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Telecommuting May Keep the Coronavirus Away, But May Increase the Risk of Computer Viruses

March 21, 2020

Posted in Business Start Ups, Company Operating, COVID-19, Employment Law

Many, if not all, of your employees may be working from home, socially distancing themselves because of the coronavirus. Though keeping your company open during these strange times is a priority, if you don’t do it right, you be opening yourself up to hackers. If you lose sensitive information and others are harmed, you may face legal action too.

Kicking someone when they’re down is only something the worst people would do, and that includes hackers. The economy is under tremendous stress, we are going into unchartered economic and public health territory, and hackers are ever alert to vulnerabilities, according to an article in The Hill.

The Cybersecurity and Infrastructure Security Agency (CISA), the Department of Homeland Security’s cyber agency, issued an alert earlier this month describing cyber vulnerabilities that exist if employees work from home.

There could be cyber-attacks on virtual private networks (VPNs) that allow access to an organization’s files remotely. VPNs make it easier to telecommute, but they also create an attractive way for hackers to get into your system.  CISA suggests VPNs, network infrastructure devices, and devices used remotely be updated with the latest software patches and security configurations.

There are also the ever-present phishing emails that target teleworkers to steal their usernames and passwords. CISA stated companies need to remind employees of the dangers of malicious emails, particularly those discussing the coronavirus, which try to get concerned recipients to click on them so computer viruses can be downloaded.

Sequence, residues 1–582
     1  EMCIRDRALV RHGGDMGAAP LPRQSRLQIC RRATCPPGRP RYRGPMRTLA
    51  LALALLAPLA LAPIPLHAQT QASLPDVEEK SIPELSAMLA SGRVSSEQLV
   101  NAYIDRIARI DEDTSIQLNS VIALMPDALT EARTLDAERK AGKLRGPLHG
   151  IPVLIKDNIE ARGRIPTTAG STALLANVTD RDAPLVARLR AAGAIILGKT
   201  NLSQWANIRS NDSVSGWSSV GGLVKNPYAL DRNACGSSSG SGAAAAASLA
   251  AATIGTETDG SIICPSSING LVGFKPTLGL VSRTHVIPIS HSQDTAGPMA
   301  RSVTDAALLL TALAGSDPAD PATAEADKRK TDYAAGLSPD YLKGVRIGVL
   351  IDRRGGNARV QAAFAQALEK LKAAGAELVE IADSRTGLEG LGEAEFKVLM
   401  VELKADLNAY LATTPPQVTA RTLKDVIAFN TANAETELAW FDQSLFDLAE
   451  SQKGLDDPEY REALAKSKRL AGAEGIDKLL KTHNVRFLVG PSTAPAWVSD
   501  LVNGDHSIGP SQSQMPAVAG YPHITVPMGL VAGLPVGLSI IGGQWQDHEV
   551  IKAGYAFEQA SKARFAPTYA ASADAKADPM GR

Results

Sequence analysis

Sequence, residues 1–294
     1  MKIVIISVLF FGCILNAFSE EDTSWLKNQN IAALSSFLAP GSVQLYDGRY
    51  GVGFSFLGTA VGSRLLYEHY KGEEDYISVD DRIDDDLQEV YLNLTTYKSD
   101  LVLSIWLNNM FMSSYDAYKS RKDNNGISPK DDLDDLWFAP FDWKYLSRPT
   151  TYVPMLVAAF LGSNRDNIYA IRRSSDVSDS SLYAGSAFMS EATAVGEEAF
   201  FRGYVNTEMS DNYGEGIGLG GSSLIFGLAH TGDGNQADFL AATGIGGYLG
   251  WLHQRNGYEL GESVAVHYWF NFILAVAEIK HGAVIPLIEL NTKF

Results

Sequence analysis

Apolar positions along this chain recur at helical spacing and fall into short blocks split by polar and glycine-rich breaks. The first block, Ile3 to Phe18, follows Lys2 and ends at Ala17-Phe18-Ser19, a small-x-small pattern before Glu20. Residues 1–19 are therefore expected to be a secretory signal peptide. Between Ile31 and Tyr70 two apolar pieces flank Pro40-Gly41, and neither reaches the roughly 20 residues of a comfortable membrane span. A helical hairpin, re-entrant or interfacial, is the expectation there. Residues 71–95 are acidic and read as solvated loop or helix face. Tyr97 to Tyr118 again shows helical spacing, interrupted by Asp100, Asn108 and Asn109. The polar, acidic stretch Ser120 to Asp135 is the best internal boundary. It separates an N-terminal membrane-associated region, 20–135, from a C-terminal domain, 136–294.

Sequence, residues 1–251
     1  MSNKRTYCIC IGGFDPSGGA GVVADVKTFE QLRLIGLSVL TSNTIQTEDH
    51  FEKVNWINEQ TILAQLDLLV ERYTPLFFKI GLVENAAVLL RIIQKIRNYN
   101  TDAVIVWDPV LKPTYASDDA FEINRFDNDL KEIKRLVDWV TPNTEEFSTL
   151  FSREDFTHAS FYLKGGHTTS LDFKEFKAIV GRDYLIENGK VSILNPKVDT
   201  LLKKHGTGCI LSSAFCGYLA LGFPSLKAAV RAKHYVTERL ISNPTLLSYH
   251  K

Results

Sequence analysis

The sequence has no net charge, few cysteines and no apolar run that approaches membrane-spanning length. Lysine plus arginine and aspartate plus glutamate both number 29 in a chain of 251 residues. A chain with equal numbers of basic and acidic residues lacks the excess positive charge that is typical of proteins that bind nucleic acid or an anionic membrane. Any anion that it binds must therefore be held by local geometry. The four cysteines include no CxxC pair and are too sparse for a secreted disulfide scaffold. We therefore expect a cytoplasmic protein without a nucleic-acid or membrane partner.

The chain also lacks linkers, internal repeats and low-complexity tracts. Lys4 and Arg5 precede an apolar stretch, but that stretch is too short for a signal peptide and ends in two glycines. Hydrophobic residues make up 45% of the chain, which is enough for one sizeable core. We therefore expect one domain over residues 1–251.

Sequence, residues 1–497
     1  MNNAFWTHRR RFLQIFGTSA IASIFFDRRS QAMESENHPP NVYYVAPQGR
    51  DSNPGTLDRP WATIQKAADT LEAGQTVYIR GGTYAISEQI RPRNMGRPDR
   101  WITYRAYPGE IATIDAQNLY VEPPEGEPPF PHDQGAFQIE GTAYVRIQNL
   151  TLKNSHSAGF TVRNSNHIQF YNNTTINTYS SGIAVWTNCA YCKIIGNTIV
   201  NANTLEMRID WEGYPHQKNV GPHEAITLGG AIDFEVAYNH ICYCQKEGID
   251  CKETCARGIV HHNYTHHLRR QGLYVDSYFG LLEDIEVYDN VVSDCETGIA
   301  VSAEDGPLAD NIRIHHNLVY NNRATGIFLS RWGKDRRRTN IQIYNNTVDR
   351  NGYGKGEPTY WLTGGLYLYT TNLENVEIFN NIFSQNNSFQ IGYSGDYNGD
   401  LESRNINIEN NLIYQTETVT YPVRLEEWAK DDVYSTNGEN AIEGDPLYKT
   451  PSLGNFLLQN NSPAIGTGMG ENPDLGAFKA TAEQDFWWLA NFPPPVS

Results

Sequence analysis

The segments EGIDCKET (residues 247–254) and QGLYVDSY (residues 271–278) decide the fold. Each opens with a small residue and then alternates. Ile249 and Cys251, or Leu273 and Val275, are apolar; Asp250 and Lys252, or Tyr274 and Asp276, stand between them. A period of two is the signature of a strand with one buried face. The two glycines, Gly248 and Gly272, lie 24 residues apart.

Cyber group Check Point released research finding cybercriminals were using concerns about coronavirus to create spam. Since January, more than 4,000 coronavirus-themed web domains have popped up, about 5 percent being suspicious and 3 percent malicious. These websites are likely used as part of email campaigns trying to get recipients to click on dangerous links.

Kellermann, the head of cybersecurity strategy at cyber group VMware Carbon Black, told The Hill hackers are targeting executives and others in positions of power who are working on less secure networks. Company issued laptops may be protected but an employee’s home network may not be. The use of public Wi-Fi also opens up more cyber threats.

A cyber-attack may put ransomware on your system. Your data and documents could be encrypted and out of reach unless you pay a ransom, potentially paralyzing your company until the issue is resolved.

A hack could also result in the loss of financial and personal information about your employees, contractors, clients, and customers. This type of hack could potentially result in legal claims against your company due to its failure to secure this information.

Criminals take advantage of people and businesses who are stressed and distracted. While focused on one threat, you may let another damage your company. If you haven’t learned by now, running a business can be a high-stakes, high-risk game of whack-a-mole. Do your best not to lose the game.

If you are in this situation, call us now for a COVID-19 Strategy Session, and let’s talk about how we can help you to run your business without worrying about the underlying legal consequences. Call us now at (714) 415-2007 or reserve your spot by clicking the link: